Home » Key Scientific Articles » 2-Phenylethynesulfonamide (PES) uncovers a necrotic process regulated by oxidative stress and p53.

2-Phenylethynesulfonamide (PES) uncovers a necrotic process regulated by oxidative stress and p53.

Mattiolo P1, Barbero-Farran A1, Yuste VJ2, Boix J1, Ribas J3.

Biochem Pharmacol. 2014 ;91(3):301-11.

1Pharmacology Unit, Departament de Medicina Experimental, Universitat de Lleida, IRBLLEIDA, Ed. Biomedicina 1, Av. Rovira Roure 80, 25198 Lleida, Catalunya, Spain.

2Cell Death, Senescence, and Survival Group, Departament de Bioquímica i Biologia Molecular and Institut de Neurociències, Facultat de Medicina, Universitat Autònoma de Barcelona, Campus de Bellaterra, 08193 Bellaterra, Catalunya, Spain.

3Pharmacology Unit, Departament de Medicina Experimental, Universitat de Lleida, IRBLLEIDA, Ed. Biomedicina 1, Av. Rovira Roure 80, 25198 Lleida, Catalunya, Spain.

Electronic address: [email protected]

 

Abstract

2-Phenylethynesulfonamide (PES) or pifithrin-u is a promising anticancer agent with preferential toxicity for cancer cells. The type of cell death and the molecular cascades activated by this compound are controversial. Here, we demonstrate PES elicits a caspase- and BAX/BAK-independent non-necroptotic necrotic cell death, since it is not inhibited by necrostatin-1. This process is characterized by an early generation of reactive oxygen species (ROS) resulting in p53 up-regulation. Accordingly, thiolic antioxidants protect cells from PES-induced death. Furthermore, inhibiting the natural sources of glutathione with l-buthionine-sulfoximine (BSO) strongly cooperates with PES in triggering cytotoxicity. Genetically modified p53-null or p53 knocked-down cells show resistance to PES-driven necrosis. The predominant localization of p53 in chromatin-enriched fractions added to the up-regulation of the p53-responsive gene p21, strongly suggest the involvement of a transcription-dependent p53 program. On the other hand, we report an augmented production of ROS in p53-positive cells that, added to the increased p53 content in response to PES-elicited ROS, suggests that p53 and ROS are mutually regulated in response to PES. In sum, p53 up-regulation by ROS triggers a positive feedback loop responsible of further increasing ROS production and reinforcing PES-driven non-necroptotic necrosis.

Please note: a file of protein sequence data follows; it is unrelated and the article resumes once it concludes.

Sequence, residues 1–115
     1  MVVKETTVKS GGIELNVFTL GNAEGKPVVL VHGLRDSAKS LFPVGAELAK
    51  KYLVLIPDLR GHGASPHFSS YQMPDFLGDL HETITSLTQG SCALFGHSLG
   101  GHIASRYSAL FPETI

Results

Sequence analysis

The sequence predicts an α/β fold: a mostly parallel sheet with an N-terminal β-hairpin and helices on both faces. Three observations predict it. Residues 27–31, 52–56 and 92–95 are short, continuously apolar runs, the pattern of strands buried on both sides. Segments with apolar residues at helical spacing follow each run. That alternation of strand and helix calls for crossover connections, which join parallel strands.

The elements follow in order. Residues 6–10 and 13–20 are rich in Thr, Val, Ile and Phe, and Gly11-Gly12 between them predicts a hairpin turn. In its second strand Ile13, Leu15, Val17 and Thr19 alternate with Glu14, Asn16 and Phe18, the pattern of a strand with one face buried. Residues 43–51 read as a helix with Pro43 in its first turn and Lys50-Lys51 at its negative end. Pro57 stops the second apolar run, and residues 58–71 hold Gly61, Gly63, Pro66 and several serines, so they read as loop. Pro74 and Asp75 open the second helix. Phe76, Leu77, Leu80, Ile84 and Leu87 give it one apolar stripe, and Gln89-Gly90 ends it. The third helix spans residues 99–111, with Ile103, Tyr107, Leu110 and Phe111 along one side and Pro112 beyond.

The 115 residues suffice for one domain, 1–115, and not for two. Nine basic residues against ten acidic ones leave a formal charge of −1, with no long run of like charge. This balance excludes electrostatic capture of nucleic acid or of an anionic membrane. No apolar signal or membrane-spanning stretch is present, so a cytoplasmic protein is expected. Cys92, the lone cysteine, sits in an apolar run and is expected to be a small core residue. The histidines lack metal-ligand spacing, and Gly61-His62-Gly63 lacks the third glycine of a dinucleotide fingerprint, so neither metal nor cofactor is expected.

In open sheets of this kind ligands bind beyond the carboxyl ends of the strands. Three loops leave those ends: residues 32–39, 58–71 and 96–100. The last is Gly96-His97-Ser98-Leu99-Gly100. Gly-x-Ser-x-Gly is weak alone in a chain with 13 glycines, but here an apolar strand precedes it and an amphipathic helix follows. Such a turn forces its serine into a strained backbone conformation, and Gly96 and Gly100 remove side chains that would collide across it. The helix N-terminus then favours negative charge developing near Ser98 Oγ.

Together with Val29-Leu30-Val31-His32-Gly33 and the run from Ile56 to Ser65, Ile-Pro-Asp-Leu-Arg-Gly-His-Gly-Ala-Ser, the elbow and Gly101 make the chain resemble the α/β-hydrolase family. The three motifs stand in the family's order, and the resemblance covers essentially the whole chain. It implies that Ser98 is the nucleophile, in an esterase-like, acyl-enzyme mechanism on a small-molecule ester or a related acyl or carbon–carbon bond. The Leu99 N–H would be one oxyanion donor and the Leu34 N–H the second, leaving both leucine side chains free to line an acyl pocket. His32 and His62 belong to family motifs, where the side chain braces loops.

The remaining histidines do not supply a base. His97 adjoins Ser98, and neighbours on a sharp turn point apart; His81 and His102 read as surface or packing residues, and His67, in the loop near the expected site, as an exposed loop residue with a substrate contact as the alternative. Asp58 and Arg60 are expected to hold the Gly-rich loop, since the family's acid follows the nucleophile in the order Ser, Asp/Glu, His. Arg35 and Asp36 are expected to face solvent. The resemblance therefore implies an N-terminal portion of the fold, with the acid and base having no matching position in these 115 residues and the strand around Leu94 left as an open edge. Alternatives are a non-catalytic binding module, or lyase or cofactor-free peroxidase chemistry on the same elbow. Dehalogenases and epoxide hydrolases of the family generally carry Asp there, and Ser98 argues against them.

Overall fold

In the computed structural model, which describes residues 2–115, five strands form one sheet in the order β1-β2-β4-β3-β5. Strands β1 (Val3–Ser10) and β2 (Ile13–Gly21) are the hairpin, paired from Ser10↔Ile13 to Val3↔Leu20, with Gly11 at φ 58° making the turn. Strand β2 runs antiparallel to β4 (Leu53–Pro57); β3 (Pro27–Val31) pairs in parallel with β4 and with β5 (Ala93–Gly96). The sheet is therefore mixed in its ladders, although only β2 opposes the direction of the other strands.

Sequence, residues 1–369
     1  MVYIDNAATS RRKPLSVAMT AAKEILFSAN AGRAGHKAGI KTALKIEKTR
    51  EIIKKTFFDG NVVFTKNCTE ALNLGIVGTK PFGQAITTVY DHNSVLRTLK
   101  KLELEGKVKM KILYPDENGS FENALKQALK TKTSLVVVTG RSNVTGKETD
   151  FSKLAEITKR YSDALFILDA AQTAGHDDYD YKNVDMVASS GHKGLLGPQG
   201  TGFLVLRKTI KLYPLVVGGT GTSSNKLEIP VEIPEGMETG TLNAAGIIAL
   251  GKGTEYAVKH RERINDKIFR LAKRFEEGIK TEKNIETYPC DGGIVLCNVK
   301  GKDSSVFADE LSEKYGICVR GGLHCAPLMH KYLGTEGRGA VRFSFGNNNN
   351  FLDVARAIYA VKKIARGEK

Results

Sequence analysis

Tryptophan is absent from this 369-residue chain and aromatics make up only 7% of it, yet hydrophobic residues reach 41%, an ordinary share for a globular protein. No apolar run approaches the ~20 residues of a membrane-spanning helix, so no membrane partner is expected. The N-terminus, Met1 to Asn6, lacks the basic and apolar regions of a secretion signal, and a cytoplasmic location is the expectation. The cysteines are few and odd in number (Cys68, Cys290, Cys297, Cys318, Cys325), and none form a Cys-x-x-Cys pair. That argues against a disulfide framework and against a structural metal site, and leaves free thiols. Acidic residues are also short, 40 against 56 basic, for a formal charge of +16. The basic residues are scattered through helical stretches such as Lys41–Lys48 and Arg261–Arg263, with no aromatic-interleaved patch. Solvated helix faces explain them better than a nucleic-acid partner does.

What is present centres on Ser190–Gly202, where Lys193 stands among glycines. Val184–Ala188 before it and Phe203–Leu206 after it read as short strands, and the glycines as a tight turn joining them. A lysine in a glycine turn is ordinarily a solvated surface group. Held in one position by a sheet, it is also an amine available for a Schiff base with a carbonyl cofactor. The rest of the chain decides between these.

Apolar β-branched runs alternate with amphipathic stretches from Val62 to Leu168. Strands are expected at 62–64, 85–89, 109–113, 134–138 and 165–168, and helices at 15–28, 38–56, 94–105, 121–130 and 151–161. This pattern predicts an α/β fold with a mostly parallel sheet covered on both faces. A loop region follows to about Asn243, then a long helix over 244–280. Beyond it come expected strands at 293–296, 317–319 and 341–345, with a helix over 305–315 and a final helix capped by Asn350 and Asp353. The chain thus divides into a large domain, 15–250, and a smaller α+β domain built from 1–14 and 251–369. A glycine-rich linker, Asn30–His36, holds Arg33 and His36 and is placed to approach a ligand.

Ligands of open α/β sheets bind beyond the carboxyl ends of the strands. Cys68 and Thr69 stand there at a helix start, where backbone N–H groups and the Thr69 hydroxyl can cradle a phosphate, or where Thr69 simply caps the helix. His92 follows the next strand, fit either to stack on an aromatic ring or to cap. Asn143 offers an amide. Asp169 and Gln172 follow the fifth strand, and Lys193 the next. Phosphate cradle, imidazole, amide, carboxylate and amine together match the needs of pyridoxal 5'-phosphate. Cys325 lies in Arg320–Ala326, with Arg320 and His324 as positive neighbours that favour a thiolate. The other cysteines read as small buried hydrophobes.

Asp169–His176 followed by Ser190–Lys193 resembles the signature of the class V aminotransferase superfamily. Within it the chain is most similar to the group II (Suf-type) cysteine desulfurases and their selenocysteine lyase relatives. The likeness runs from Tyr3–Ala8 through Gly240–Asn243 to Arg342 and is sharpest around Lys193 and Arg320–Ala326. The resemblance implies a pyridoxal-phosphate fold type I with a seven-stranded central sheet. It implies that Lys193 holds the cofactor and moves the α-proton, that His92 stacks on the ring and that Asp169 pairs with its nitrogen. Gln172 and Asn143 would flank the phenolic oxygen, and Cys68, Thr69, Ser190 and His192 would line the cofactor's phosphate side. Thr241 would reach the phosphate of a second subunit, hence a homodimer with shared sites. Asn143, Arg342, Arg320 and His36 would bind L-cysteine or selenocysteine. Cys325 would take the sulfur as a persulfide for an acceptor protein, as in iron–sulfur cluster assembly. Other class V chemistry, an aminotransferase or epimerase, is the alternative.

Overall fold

Copyright © 2014 Elsevier Inc. All rights reserved.

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Additional Information: 

Further research from the authors on PES mechanism of action:

1 .  Ribas J., Mattiolo P. & Boix J. (2015) “Pharmacological modulation of reactive oxygen species in cancer treatment.” Curr. Drug Targets 16: 31-37
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2 .  Mattiolo P., Barbero-Farran A., Amigó J., Ripamonti M., Ribas J. & Boix J. (2014) “Cell death induced by 2-phenylethynesulfonamide uncovers a pro-survival function of BAX.”  Cancer Lett. 354: 115-121.